“It doesn’t matter if the cat is black or white as long as it catches mice.” These words, uttered by Deng Xiaoping, express the essence of pragmatism. Tony Blair was less poetic, but equally to the point: “what’s right is what works.”
This doesn’t leave much room for principle, let alone ideology; but in those areas where it’s possible to make an objective assessment of the effectiveness of different policies, there seems little justification for not doing what works.
Education is a good example. We now have a whole heap of evidence for what works in the classroom and, just as importantly, what doesn’t.
In a new report for the Sutton Trust, Professor Robert Coe and his colleagues provide an excellent summary of the current state of play. They also turn a spotlight on the unfounded assumptions that continue to exert an influence in our schools:
“…many common practices can be harmful to learning and have no grounding in research. Examples include using praise lavishly, allowing learners to discover key ideas by themselves, grouping students by ability and presenting information to students based on their ‘preferred learning style’.
“On the other hand, some other teaching approaches are supported by good evidence of their effectiveness. Many of these are obvious and widely practiced, but others are at odds with common assumptions.”
Some ideological approaches to education receive more support from the evidence-base than others. For instance, those of traditionalist frame of mind will be pleased to see the cult of self-esteem exposed for what it is:
“For low-attaining students praise that is meant to be encouraging and protective can actually convey a message of low expectations. The evidence shows children whose failure generates sympathy are more likely to attribute it to lack of ability than those who are presented with anger…
“Attempts to enhance motivation prior to teaching content are unlikely to succeed and even if they do the impact on subsequent learning is close to zero. If the poor motivation of low attainers is a logical response to repeated failure, starting to get them to succeed through learning content will improve motivation and confidence.”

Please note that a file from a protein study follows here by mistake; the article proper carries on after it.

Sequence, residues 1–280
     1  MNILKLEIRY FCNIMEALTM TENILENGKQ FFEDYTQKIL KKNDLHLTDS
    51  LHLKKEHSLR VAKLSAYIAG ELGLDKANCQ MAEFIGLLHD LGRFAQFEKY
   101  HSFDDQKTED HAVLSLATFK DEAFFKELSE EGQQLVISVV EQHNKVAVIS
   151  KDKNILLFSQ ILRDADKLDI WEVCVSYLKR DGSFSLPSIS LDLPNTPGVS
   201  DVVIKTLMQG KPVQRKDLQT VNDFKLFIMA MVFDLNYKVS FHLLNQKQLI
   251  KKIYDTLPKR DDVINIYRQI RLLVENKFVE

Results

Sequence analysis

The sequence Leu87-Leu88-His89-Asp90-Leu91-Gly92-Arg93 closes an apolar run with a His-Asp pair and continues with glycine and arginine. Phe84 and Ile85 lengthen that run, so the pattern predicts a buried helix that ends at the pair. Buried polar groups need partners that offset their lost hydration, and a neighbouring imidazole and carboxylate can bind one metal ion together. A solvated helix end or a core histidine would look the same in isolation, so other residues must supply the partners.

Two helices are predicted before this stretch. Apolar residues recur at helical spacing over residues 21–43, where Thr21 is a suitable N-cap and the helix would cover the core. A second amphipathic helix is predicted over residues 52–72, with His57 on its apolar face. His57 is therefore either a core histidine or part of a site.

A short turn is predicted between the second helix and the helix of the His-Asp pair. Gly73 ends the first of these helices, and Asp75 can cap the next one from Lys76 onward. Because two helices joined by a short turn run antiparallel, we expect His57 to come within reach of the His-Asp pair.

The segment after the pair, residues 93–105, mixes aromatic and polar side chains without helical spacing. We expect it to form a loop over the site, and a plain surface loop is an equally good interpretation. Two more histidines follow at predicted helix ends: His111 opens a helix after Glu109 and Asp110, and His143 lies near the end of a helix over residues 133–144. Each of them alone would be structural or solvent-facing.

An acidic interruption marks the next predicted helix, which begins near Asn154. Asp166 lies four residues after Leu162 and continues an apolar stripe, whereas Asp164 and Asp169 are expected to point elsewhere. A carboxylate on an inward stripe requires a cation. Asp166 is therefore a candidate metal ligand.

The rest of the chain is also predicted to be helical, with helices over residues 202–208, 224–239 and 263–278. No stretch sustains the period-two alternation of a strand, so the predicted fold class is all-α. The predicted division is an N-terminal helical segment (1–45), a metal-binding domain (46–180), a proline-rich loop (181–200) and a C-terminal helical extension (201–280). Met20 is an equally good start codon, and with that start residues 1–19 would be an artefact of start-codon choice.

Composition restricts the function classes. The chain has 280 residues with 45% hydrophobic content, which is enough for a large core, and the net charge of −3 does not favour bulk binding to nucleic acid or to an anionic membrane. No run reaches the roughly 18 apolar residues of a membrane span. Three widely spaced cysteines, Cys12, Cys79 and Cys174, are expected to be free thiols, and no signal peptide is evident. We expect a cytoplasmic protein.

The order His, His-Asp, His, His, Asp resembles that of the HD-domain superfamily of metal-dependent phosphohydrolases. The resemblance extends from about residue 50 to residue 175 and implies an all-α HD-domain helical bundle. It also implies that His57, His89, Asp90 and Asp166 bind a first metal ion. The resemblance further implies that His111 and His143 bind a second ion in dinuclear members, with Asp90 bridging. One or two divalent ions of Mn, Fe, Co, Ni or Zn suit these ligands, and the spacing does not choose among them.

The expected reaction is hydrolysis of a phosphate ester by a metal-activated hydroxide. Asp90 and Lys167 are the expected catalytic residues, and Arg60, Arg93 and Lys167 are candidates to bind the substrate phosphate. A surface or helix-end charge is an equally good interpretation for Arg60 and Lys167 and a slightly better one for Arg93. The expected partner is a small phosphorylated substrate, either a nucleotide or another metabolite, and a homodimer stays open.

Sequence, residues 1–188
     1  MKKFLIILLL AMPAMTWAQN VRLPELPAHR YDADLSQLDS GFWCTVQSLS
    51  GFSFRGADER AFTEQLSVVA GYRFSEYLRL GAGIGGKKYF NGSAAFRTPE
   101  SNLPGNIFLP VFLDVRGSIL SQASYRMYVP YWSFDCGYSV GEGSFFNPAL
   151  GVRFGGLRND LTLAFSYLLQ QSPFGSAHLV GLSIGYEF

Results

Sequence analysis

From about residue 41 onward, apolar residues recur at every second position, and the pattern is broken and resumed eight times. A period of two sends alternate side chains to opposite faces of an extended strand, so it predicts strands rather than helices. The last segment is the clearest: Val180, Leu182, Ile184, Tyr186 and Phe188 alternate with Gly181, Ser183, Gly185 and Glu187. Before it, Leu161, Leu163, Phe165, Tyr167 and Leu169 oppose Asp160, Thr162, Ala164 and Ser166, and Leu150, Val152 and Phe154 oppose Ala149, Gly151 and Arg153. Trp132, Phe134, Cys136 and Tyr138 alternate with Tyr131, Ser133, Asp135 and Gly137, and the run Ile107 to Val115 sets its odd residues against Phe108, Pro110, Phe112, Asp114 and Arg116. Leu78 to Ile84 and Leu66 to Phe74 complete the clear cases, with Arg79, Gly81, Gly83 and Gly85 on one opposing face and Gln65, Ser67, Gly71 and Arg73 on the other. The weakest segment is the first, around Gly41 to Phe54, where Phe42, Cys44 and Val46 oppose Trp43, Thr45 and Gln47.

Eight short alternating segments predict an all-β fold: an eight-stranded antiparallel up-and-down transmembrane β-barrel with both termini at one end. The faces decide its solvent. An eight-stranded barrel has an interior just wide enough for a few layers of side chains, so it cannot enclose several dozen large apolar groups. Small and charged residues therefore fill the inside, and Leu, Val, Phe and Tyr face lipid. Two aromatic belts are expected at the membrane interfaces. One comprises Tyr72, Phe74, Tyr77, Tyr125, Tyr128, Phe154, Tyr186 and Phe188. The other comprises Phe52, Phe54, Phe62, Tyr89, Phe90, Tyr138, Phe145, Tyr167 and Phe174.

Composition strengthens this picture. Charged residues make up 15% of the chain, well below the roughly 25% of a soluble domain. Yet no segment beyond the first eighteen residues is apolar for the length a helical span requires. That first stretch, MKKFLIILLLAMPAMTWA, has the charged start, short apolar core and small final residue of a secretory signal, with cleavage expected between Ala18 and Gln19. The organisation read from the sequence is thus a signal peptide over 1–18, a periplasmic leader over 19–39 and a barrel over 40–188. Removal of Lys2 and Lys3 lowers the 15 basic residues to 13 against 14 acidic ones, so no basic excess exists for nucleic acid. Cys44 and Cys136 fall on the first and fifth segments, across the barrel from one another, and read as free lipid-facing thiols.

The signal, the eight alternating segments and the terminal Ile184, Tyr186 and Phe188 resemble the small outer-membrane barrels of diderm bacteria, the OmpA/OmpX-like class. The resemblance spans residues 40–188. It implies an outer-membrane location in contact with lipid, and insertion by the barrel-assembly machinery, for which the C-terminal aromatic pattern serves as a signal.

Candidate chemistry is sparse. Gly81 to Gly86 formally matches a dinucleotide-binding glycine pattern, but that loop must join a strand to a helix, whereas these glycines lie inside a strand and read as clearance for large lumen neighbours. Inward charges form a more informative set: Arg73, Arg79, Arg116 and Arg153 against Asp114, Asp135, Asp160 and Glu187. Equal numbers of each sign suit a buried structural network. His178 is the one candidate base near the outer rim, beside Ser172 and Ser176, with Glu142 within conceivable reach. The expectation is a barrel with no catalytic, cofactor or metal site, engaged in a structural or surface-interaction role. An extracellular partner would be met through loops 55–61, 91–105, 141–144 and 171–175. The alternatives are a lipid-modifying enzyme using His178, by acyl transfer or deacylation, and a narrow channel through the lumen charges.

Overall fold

Traditionalists will be less happy with what the report has to say on grouping pupils by ability – i.e. setting, streaming and (by extension) selection:
“Evidence on the effects of grouping by ability, either by allocating students to different classes, or to within-class groups, suggests that it makes very little difference to learning outcomes. It can result in teachers failing to accommodate different needs within an ability group and over-playing differences between groups, going too fast with the high-ability groups and too slow with the low.”
To be honest, this isn’t the result that many of us on the centre-right would expect or hope for. Yet we need to engage with the evidence in good faith. Instead of simply dismissing the findings that contradict our worldview, we should seek deeper explanations and endeavour to develop our understanding of the issues at stake. For instance, in regard to grouping by ability, we don’t have to deny the obvious (i.e. that children aren’t all equally able), but we should recognise that setting is a crude response to this reality.
On the whole, the evidence on what works in education is overwhelmingly in our favour. It confirms the importance of fundamentals like disciple, rigour and knowledge, not to mention teacher quality and home environment.
But where the truth is less convenient, it is far better to work through the implications than to hide behind our ideological barricades.